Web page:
I put the key in the ignition and turned it. The engine made a couple of wimpy sputters and went silent. I tried again. Nothing. Great. No phone and no car. Middle of the night. Middle of nowhere. Dying baby wolf in the back seat and a bunch of howling adult wolves out in the woods. Nice.

Maybe there was something I could do if I looked under the hood. I popped the hood release, got out, walked around to the front of the car and lifted the hood.

I couldn’t see anything in the dark under the hood, but I felt around and found the battery cable. I checked to see if it was tight or something. I realized I didn’t know what I was checking. I was just trying stuff, because I didn’t like being stuck on this mountain.

I had this sense of something behind me.

I turned saw a full grown wild wolf for the first time in my life. The size of the animal left me spellbound. It was walking along slowly, nose down as if tracking something. The thought occurred to me, this was the mother, retracing her steps looking for her cub.

It wasn’t looking at me. I think that’s what unnerved me the most. It wasn’t looking at me because it didn’t need to. The pack was watching me. The others were watching me. Wolves work together. They were the first ones on earth to understand the division of labor, dividing and conquering, whatever you want to call it, they were executing it flawlessly in the shadows.

There must be five of them.

I jumped into the car and slammed the door just a split second before one wolf from out of nowhere leaped at me with a deep snarl that my mind couldn’t stop replaying. His big furry chest and neck hit the window next to my face. I heard his claws click against the glass. His growls sounded more like roars, as he lunged at the car over and over. I hunkered down trying to be less visible. I couldn’t see them but I could hear them moving around outside the car.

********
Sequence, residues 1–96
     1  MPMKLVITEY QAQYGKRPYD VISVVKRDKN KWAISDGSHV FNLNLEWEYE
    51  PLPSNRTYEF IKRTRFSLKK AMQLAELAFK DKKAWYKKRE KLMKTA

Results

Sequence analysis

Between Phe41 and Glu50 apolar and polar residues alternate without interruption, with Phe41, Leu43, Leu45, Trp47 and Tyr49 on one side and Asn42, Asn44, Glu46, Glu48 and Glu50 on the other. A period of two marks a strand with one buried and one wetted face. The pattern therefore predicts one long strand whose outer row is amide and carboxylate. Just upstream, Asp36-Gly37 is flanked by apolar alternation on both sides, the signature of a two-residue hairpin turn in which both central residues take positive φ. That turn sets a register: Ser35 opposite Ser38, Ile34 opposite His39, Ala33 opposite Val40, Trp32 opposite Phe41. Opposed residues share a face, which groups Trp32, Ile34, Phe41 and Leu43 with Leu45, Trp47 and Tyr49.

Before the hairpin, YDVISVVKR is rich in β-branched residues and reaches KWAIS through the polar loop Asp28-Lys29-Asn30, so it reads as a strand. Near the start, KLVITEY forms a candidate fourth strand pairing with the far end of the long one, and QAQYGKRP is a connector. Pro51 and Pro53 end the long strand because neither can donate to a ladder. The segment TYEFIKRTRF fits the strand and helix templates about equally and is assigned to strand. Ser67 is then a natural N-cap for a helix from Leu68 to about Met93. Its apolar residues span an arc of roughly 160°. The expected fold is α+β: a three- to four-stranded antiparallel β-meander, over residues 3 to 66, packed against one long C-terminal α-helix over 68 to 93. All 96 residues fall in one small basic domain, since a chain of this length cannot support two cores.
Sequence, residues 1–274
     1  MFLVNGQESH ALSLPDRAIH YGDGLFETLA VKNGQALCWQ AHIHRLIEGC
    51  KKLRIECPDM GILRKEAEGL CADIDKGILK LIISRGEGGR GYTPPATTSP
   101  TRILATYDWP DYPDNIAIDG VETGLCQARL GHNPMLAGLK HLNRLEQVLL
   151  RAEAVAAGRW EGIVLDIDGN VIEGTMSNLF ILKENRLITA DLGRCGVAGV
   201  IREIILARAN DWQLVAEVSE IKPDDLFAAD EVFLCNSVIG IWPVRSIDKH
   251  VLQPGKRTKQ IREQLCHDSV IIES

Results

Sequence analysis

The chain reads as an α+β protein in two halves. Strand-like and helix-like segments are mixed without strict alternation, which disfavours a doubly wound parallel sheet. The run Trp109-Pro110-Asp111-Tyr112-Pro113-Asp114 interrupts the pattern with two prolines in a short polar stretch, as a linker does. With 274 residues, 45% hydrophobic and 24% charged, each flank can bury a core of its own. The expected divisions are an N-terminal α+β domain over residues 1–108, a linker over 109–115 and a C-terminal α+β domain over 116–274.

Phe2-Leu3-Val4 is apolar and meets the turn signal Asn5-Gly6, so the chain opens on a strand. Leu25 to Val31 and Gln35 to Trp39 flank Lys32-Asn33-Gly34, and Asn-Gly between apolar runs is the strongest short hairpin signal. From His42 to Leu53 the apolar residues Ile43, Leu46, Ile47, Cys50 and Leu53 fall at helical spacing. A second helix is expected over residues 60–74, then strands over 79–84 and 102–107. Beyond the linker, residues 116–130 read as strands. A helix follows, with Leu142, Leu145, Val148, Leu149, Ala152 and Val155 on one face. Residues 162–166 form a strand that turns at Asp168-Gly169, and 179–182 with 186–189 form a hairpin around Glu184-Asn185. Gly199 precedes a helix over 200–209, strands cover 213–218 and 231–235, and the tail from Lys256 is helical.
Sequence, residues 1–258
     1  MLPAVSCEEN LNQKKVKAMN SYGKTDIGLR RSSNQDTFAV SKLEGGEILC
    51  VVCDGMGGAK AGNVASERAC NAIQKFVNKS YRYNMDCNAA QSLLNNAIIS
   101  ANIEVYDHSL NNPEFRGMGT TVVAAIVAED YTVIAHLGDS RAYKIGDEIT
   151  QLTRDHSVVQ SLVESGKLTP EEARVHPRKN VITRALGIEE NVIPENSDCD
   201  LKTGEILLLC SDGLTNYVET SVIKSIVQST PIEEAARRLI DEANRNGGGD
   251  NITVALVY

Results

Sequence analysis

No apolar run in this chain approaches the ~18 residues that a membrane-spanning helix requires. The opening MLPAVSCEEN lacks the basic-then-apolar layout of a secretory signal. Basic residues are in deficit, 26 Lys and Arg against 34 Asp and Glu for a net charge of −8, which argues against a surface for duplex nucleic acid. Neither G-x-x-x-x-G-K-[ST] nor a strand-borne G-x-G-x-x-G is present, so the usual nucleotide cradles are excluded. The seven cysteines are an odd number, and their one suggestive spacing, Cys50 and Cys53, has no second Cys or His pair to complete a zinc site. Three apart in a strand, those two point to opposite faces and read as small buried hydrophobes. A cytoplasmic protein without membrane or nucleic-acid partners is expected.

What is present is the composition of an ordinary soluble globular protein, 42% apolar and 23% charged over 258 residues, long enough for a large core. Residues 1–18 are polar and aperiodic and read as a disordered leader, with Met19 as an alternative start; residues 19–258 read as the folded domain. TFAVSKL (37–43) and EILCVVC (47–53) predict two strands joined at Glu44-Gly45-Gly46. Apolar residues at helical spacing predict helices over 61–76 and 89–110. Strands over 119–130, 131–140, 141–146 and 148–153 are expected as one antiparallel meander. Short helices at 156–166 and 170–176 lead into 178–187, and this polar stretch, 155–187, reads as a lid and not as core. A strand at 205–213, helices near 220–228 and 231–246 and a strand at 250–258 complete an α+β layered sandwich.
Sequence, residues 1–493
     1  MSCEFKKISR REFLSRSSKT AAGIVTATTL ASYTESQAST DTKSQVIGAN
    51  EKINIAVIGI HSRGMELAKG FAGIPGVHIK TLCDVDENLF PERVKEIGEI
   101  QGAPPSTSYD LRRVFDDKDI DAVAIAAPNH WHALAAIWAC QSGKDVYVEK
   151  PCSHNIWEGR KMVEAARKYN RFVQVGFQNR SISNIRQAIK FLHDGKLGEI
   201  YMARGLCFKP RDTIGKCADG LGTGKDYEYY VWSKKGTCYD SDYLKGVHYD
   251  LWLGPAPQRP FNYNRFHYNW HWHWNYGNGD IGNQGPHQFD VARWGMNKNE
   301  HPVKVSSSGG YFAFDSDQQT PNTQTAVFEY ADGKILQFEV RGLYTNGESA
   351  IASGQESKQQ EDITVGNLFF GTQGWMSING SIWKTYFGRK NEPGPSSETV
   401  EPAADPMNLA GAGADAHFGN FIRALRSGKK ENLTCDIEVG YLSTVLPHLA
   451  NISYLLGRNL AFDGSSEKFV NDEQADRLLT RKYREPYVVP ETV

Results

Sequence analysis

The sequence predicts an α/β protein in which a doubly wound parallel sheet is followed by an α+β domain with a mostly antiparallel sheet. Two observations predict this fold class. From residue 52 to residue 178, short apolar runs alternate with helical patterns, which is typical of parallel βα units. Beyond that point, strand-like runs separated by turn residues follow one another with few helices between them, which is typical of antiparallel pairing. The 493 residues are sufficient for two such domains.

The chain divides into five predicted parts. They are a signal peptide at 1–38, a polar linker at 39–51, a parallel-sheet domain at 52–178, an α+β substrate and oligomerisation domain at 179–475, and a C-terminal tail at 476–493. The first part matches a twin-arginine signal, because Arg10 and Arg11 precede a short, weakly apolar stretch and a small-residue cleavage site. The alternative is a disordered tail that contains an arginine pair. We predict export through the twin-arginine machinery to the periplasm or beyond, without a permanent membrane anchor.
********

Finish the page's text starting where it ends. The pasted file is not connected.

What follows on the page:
The rains started up again, and suddenly it seemed like the wolves had vanished.

But how could I be sure? I decided against going back out and closing the hood.

I got back up into my seat, and carefully tried to look around through the raindrops streaming down the windows. I strained to see what was out there in the shadows. Nothing. Nothing that I could see anyway. I tried to start the car again. Nothing. I checked on the pup. It was either dead or sleeping. What do I do now? I tilted my seat back as far as it would recline without getting too close to the little wolf in the back. I tried to make myself comfortable. I may as well get some rest. Someone was bound to come along this road in the morning.

I dozed off. Not sure how long I slept, but I awoke to the sounds of growling above my head. Had the little wolf recuperated? It was still dark. I had no idea what time it was, but there was this growling right over my head. I shook myself awake, looking around in the dark car. Nothing was moving inside the car, but something was growling and tearing at something.

Then I saw something out of the rear window. Some canine legs. Panic gripped me. They were on the roof of my convertible, tearing at the fabric! How intelligent was that? They found the weakest material in my vehicle. I tried to start the car again. Nothing. I tried honking the horn. They stopped briefly and then resumed their chewing.

Then I had an idea. Maybe I could punch or kick them off the roof. I tried to locate where they must be. I’m playing battleship with wolves. I could see where the fabric was being tugged and pulled by one of them. I laid on my back and put my foot up above me, and kicked as hard as I could. I connected with something, but not in a very effective way. I heard a louder growl and it seemed to be that the tearing resumed with renewed intensity. I tried again, but then realized that if I kicked too hard I was going to tear the fabric myself.

So this was it. These wolves were going to tear the top off my speedster and eat me, all because I ran over their youngster. Because I was so softhearted I stopped and tried to take the mangy stinky thing to the vet. What karma.

When your death comes slowly and you have time to think about your fate, your mind becomes this leaky cellar that all kinds of things seep and creep into. Strange notions of guilt. Why had I done this or that.

I couldn’t help remembering all the times my Dad said he hated convertibles. They were so impractical and dangerous he said. I never was one to listen.